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Wade Wilson (Ryan Reynolds, Green Lantern, Self/Less) is a mercenary and an asshole, or perhaps a Merc with a Mouth, who falls for the beautiful and damaged Vanessa (Morena Baccarin, TV’s Homeland, Batman: Bad Blood) after literally boning for a year. Their love has been sealed, until fate, in the form of cancer, begins knocking on Wade’s door. He enters into a secretive and risky program run by Ajax (Ed Skrein, The Transporter Refuled, The Model), a mutant scientist weird guy. Soon, Wade is bestowed mutagen powers in the form of regeneration which gives him some terrible side effects. He pursues Ajax, the mutant responsible, by killing all of his henchmen, and dons the moniker Deadpool. Also, there are X-Men in the movie.

Oftentimes, when I review a film, I ask myself, what should this film be? How should it feel? How should it look? How should I leave it? Deadpool has the distinction of being almost exactly how this movie should be, a veritable knock-out of a film. Ryan Reynolds is the perfect embodiment of the Merc in just about every way, and what’s better, he cares about the source material, which matters.

Morena Baccarin is hot. She is portrayed as hot. And her chemistry with Reynolds is wonderful. Add to that the perfect casting of T.J. Miller (Cloverfield, How to Train Your Dragon 2) as Weasel, essentially the comic relief sidekick no one asked for but everyone is glad to have.

I also enjoyed the cameo-like appearance of Colossus and Negasonic Teenage Warhead (Brianna Hildebrand) as members of the X-Men, though in future installments, I feel like the connective tissue between Deadpool and the X-Men can be deeper (this will require great care as the two have very different styles). I was disappointed to find that there was no mention of Wolverine’s DNA and its connection to Wade. One of the few problems I had with the film was that it felt like it was trying to distance itself from the X-Men universe while also sending up references to the MCU. Being a general nerd here, I can ascertain that these are two different franchises, but I don’t think the general movie audience can completely separate the two.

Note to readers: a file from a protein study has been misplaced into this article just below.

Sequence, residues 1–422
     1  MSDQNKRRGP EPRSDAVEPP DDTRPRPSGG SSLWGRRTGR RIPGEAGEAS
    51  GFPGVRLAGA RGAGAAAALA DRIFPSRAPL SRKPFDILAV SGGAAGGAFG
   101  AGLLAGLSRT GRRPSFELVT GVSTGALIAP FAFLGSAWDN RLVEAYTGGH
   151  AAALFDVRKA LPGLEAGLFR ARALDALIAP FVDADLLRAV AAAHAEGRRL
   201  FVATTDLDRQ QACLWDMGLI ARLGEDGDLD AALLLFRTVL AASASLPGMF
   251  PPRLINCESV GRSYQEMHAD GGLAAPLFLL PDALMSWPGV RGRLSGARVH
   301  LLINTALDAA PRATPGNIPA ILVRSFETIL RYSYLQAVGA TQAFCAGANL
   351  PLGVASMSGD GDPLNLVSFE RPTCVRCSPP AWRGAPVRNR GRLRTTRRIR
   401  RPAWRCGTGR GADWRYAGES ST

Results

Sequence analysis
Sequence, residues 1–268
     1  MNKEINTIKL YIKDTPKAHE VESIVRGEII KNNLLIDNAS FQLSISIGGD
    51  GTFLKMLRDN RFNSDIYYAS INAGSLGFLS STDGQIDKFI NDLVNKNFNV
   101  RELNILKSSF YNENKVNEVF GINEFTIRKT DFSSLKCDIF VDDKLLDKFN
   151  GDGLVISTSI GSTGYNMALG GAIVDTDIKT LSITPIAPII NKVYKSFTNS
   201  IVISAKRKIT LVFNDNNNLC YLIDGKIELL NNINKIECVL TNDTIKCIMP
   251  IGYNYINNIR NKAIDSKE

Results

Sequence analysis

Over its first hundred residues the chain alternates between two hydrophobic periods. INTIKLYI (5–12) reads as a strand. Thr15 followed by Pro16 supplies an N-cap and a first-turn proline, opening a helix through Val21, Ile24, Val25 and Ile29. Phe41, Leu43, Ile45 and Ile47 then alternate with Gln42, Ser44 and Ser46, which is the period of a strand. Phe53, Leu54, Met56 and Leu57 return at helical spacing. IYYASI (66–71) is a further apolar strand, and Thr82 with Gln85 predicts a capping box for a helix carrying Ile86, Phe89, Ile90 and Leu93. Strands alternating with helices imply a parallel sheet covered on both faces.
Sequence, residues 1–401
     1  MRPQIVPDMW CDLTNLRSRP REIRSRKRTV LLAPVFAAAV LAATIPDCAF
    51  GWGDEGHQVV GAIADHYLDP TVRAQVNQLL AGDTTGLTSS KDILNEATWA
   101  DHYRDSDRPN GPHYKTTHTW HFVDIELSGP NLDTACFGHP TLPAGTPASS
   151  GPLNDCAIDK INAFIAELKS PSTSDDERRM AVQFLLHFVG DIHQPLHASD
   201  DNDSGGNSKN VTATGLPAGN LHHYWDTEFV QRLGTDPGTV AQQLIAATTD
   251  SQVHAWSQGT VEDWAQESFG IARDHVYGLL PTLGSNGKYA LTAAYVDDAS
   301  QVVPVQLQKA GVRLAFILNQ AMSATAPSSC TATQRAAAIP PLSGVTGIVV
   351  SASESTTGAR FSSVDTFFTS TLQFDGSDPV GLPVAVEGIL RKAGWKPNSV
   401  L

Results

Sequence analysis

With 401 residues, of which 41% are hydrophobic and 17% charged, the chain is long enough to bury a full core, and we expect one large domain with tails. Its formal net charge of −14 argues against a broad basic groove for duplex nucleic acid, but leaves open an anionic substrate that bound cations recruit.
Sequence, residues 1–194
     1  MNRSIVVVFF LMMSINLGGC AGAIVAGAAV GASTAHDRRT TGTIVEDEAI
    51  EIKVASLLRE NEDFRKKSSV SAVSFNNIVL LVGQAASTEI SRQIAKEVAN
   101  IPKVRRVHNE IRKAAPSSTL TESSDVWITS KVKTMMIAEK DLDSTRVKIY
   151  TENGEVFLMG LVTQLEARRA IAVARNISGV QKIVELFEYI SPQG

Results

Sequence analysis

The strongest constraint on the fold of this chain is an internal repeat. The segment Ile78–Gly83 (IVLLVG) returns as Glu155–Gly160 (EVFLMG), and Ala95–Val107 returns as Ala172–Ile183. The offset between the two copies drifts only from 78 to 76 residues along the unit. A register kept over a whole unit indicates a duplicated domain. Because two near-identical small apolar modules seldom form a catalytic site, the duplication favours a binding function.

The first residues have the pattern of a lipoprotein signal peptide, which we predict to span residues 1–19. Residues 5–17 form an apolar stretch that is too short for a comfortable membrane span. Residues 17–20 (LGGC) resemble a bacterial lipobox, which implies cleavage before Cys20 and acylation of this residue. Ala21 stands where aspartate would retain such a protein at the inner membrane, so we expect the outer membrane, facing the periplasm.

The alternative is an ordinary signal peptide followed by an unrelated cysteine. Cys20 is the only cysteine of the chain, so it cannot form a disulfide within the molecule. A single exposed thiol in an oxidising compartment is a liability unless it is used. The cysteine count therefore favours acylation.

The screenplay, from duo Rhett Reese and Paul Wernick (Zombieland, G.I. Joe: Retaliation) is mostly solid, with the exception being that without the interesting flashback structure, the “origin” story is rather one-dimensional, very much a paint-by-the-numbers tale. Thankfully, structure and style had this fact, but they can’t entirely hide the fact that the villain is rather one-dimensional (Ed Skrein really should’ve thought harder about leaving Game of Thrones).

Lastly, I feel compelled to point out the success of the fourth-wall breaks (they work really well), and note that the Stan Lee cameo in Deadpool is perhaps the best he’s ever had.

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Deadpool: the little Marvel property that could. It survived horrible butchering in X-Men Origins: Wolverine and made it all the way to success in a new timeline thanks to X-Men: Days of Future Past, and it was all worth it. Deadpool is loads of fun, really cool, and it elevates itself above the level of a normal superhero movie. Why haven’t you seen it yet?

 

4/5

-Kyle A. Goethe

 

For my review of Gavin Hood’s X-Men Origins: Wolverine, click here.

For my review of Matthew Vaughn’s X-Men: First Class, click here.

For my review of Bryan Singer’s X-Men, click here.

For my review of Bryan Singer’s X2: X-Men United, click here.

For my review of Brett Ratner’s X-Men: The Last Stand, click here.

For my review of James Mangold’s The Wolverine, click here.

For my review of Bryan Singer’s X-Men: Days of Future Past, click here.